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By Marc Effron, Talent Strategy Group
Many companies still refuse to be transparent with their employees about their potential to advance. Our last survey on the topic found that ~60% of companies don’t explicitly communicate with their employees about their potential. Those companies often say they’re concerned that if some employees are told they have high potential to advance, it will disengage employees who learn they’re not in that category. That’s true only if being a high potential is seen as the only “prize” at your company. We believe that it’s beneficial to be transparent with every employee about their potential, and that these conversations will be far easier if there’s a prize in every box.
By prize, we mean the investment that you make in an employee based on their performance and potential to advance. While being assessed as a high potential leader brings you one type of investment, everyone should get a prize that reflects their expected contribution to the company.
What Size is the Prize?
Before we differentiate, let’s ensure that every employee has a great baseline experience that includes working for an organization they can be proud of, having a quality manager and the opportunity to develop. That baseline ensures that everyone is working in an environment that supports their performance and engagement.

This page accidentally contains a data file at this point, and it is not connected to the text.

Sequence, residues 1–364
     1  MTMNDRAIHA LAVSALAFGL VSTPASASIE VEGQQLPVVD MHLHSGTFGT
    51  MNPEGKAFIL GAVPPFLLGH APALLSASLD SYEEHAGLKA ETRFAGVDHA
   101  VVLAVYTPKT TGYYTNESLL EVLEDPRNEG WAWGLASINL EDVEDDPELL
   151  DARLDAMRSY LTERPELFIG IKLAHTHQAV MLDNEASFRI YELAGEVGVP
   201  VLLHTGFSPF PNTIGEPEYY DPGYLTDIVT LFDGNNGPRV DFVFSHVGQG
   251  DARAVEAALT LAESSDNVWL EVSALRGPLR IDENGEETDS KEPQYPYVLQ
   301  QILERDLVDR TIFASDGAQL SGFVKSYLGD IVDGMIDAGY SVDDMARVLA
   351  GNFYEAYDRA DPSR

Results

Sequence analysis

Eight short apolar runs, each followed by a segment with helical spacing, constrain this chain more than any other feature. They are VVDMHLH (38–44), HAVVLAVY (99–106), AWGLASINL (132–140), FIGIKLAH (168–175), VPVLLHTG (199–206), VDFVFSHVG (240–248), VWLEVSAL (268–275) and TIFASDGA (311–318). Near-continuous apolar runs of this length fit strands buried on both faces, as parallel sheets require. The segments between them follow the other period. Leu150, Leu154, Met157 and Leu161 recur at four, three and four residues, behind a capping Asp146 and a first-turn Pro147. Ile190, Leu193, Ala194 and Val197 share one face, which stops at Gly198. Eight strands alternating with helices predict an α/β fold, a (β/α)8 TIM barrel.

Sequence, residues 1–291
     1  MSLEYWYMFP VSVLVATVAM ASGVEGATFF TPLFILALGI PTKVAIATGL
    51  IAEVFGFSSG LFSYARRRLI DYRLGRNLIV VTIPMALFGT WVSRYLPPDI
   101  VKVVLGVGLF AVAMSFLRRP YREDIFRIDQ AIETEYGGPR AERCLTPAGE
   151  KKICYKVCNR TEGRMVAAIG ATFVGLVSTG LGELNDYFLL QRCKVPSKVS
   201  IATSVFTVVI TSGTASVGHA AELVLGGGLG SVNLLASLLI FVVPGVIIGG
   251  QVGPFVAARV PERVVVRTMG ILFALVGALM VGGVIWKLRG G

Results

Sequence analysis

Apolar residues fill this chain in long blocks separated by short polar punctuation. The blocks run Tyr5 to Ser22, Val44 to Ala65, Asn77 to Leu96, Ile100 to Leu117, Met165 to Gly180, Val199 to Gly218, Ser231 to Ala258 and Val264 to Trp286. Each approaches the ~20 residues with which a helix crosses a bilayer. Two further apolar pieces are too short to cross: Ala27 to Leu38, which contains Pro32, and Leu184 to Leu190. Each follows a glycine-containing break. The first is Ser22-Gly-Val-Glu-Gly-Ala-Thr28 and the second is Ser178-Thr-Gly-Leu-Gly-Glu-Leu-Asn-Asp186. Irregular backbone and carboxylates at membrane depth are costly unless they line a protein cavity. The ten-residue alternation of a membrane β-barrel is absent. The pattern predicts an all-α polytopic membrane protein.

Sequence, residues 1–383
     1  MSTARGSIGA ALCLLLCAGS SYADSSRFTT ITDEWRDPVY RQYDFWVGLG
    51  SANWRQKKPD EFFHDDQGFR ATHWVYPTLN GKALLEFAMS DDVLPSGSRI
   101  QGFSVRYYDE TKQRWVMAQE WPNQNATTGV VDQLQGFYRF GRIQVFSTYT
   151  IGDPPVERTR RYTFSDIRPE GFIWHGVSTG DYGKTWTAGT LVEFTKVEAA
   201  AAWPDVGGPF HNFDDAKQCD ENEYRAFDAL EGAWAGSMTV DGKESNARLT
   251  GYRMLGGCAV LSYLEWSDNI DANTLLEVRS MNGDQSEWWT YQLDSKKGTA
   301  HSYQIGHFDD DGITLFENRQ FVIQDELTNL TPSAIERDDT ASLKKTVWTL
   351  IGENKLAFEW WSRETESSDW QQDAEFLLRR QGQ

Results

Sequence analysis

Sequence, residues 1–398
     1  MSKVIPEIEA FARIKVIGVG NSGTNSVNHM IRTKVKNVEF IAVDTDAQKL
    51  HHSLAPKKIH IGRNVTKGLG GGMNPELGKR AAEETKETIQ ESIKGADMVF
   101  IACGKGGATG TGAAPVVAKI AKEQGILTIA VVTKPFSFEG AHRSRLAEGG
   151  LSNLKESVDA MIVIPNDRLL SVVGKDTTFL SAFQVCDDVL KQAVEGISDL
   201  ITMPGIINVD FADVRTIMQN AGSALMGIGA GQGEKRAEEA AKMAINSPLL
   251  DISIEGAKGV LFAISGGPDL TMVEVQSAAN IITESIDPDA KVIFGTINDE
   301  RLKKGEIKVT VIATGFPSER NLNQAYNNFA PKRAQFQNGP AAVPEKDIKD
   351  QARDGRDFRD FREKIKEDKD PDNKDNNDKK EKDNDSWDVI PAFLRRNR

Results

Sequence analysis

Above that baseline, every employee should get an additional prize that’s based on their current and likely future contribution. This prize is their “fair deal” – the company’s additional investment to recognize their performance today and their future potential.
That prize includes their compensation and, more importantly, their fair share of the other development resources the company offers. This may include critical experiences, exposure to key leaders, internal and external development courses, highly-visible projects and high potential programs, among other investments. The different prizes should clearly differentiate your investment in leaders, with higher performing and higher potential leaders receiving a disproportionately large prize. How disproportionate depends on your Talent Philosophy.
We find a simple way to determine the prize for each box is to use our Talent Investment Grid (TIG). The Talent Investment Grid is a performance and potential grid that details how you plan to invest in leaders in each box. It’s a simple tool but it requires that you have either an executive Talent Philosophy or a very clear understanding of how your senior leaders want to differentiate people investments.
With that Talent Philosophy guidance in hand, gather a small number of senior HR leaders for a 90 minute, highly-focused exercise to fill in your TIG. The process is as simple as:
Step 1: List all of the major development and reward elements that an employee might receive in a differentiated way. That includes the items listed above and any other performance-related benefit. This excludes any reward based on tenure and any benefits available to everyone. For example, quality time with your CEO is a limited resource that not every employee gets and can be differentiated. Access to a discounted gym membership is a benefit that every employee is eligible to receive.